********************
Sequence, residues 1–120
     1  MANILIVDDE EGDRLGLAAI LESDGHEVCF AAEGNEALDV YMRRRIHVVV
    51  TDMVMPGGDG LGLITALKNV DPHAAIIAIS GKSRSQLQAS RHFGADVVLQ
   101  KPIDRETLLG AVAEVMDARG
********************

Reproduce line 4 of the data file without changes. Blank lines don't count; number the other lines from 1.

   101  KPIDRETLLG AVAEVMDARG